CASE WHEN tb.ratio < 0 THEN 0 ELSE round(tb.ratio::NUMERIC, 6) END                 AS tbl_ratio,
       (tb.size * (CASE WHEN tb.ratio < 0 THEN 0 ELSE tb.ratio::NUMERIC END)) ::BIGINT    AS tbl_wasted,
       ib.nspname || '.' || ib.relname                                                    AS idxname,
       ib.size                                                                            AS idx_size,
       CASE WHEN ib.ratio < 0 THEN 0 ELSE round(ib.ratio::NUMERIC, 5) END                 AS idx_ratio,
       (ib.size * (CASE WHEN ib.ratio < 0 THEN 0 ELSE ib.ratio::NUMERIC END)) ::BIGINT    AS idx_wasted
FROM monitor.pg_index_bloat ib
         FULL OUTER JOIN monitor.pg_table_bloat tb ON ib.tblid = tb.tblid;

COMMENT ON VIEW monitor.pg_bloat IS 'postgres relation bloat detail';
GRANT SELECT ON monitor.pg_bloat TO pg_monitor;

-- monitor.pg_index_bloat_human
DROP VIEW IF EXISTS monitor.pg_index_bloat_human CASCADE;
CREATE OR REPLACE VIEW monitor.pg_index_bloat_human AS
SELECT idxname                            AS name,
       idx_wasted                         AS wasted,
       pg_size_pretty(idx_size)           AS idx_size,
       round(100 * idx_ratio::NUMERIC, 2) AS idx_ratio,
       pg_size_pretty(idx_wasted)         AS idx_wasted,
       pg_size_pretty(tbl_size)           AS tbl_size,
       round(100 * tbl_ratio::NUMERIC, 2) AS tbl_ratio,
       pg_size_pretty(tbl_wasted)         AS tbl_wasted
FROM monitor.pg_bloat
COMMENT ON VIEW monitor.pg_index_bloat_human IS 'postgres index bloat info in human-readable format';
GRANT SELECT ON monitor.pg_index_bloat_human TO pg_monitor;

-- monitor.pg_table_bloat_human
DROP VIEW IF EXISTS monitor.pg_table_bloat_human CASCADE;
CREATE OR REPLACE VIEW monitor.pg_table_bloat_human AS
SELECT tblname                                          AS name,
       idx_wasted + tbl_wasted                          AS wasted,
       pg_size_pretty(idx_wasted + tbl_wasted)          AS all_wasted,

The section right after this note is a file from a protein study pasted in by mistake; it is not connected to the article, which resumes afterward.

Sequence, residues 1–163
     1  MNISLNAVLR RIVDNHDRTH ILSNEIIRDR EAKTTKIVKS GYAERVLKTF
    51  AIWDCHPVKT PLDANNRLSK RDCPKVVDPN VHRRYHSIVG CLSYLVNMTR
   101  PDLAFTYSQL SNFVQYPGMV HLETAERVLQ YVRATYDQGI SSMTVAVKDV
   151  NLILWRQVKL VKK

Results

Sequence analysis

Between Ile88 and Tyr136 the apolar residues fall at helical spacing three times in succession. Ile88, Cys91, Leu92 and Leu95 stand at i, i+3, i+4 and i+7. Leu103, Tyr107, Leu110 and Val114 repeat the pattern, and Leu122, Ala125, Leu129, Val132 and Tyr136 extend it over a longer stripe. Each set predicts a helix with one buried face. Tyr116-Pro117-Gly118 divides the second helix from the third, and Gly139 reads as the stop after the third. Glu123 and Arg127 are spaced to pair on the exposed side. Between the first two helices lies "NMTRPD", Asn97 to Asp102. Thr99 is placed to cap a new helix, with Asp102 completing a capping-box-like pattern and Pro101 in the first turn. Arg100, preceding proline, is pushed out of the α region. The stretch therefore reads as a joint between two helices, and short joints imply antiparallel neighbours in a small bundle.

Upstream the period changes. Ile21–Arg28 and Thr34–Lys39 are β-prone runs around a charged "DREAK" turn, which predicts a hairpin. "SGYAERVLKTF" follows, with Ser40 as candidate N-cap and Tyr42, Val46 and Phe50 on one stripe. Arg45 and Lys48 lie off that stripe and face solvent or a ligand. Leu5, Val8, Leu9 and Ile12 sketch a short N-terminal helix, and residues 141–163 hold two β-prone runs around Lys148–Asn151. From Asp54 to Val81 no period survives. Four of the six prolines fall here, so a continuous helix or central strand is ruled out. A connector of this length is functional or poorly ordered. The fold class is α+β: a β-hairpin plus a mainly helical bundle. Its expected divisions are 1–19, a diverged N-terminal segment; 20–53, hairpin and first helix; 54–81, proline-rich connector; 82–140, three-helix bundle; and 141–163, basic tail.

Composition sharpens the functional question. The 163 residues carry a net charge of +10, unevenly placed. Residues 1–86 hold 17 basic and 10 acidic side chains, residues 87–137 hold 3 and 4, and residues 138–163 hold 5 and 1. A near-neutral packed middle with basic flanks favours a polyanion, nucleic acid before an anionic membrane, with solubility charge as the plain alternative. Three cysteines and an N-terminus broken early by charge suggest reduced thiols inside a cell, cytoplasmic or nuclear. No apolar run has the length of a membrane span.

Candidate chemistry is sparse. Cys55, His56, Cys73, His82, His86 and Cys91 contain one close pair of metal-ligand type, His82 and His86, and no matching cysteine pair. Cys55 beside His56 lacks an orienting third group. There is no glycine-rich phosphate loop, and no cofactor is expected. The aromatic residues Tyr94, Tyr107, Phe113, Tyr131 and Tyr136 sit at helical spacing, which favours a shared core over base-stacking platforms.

pg_size_pretty(tbl_wasted)                       AS tbl_wasted,
       pg_size_pretty(tbl_size)                         AS tbl_size,
       pg_size_pretty(idx_wasted)                       AS idx_wasted,
       pg_size_pretty(idx_size)                         AS idx_size,
       round(idx_wasted::NUMERIC * 100.0 / idx_size, 2) AS idx_ratio
FROM (SELECT datname,
             coalesce(max(tbl_wasted), 0)                         AS tbl_wasted,
             coalesce(max(tbl_size), 1)                           AS tbl_size,
             round(100 * coalesce(max(tbl_ratio), 0)::NUMERIC, 2) AS tbl_ratio,
             coalesce(sum(idx_wasted), 0)                         AS idx_wasted,
             coalesce(sum(idx_size), 1)                           AS idx_size
      FROM monitor.pg_bloat
      WHERE tblname IS NOT NULL
      GROUP BY 1, 2, 3
     ) d;
COMMENT ON VIEW monitor.pg_table_bloat_human IS 'postgres table bloat info in human-readable format';
GRANT SELECT ON monitor.pg_table_bloat_human TO pg_monitor;

-- Activity Overview: monitor.pg_session
DROP VIEW IF EXISTS monitor.pg_session CASCADE;
CREATE OR REPLACE VIEW monitor.pg_session AS
SELECT coalesce(datname, 'all') AS datname, numbackends, active, idle, ixact, max_duration, max_tx_duration, max_conn_duration
         SELECT datname,
                count(*)                                         AS numbackends,
                count(*) FILTER ( WHERE state = 'active' )       AS active,
                count(*) FILTER ( WHERE state = 'idle' )         AS idle,
                count(*) FILTER ( WHERE state = 'idle in transaction'
                    OR state = 'idle in transaction (aborted)' ) AS ixact,
                max(extract(epoch from now() - state_change))
                FILTER ( WHERE state = 'active' )                AS max_duration,
                max(extract(epoch from now() - xact_start))      AS max_tx_duration,
                max(extract(epoch from now() - backend_start))   AS max_conn_duration
         FROM pg_stat_activity
         WHERE backend_type = 'client backend'
           AND pid <> pg_backend_pid()
         GROUP BY ROLLUP (1)
     ) t;
COMMENT ON VIEW monitor.pg_session IS 'postgres activity group by session';
GRANT SELECT ON monitor.pg_session TO pg_monitor;

-- Sequential Scan: monitor.pg_seq_scan
DROP VIEW IF EXISTS monitor.pg_seq_scan CASCADE;
CREATE OR REPLACE VIEW monitor.pg_seq_scan AS
SELECT schemaname                                                        AS nspname,
       seq_tup_read / seq_scan                                           AS seq_tup_avg,
       n_live_tup + n_dead_tup                                           AS tuples,
       round(n_live_tup * 100.0::NUMERIC / (n_live_tup + n_dead_tup), 2) AS live_ratio
FROM pg_stat_user_tables
WHERE seq_scan > 0
  and (n_live_tup + n_dead_tup) > 0
ORDER BY seq_scan DESC;
COMMENT ON VIEW monitor.pg_seq_scan IS 'table that have seq scan';
GRANT SELECT ON monitor.pg_seq_scan TO pg_monitor;
Shmem allocation for PostgreSQL 13+
    pg_shmem_allocations AS $$ SELECT * FROM pg_shmem_allocations;$$ LANGUAGE SQL SECURITY DEFINER;
COMMENT ON FUNCTION monitor.pg_shmem() IS 'security wrapper for system view pg_shmem';
GRANT EXECUTE ON FUNCTION monitor.pg_shmem() TO pg_monitor;

Last modified 2024-02-29: update content (34b2b75)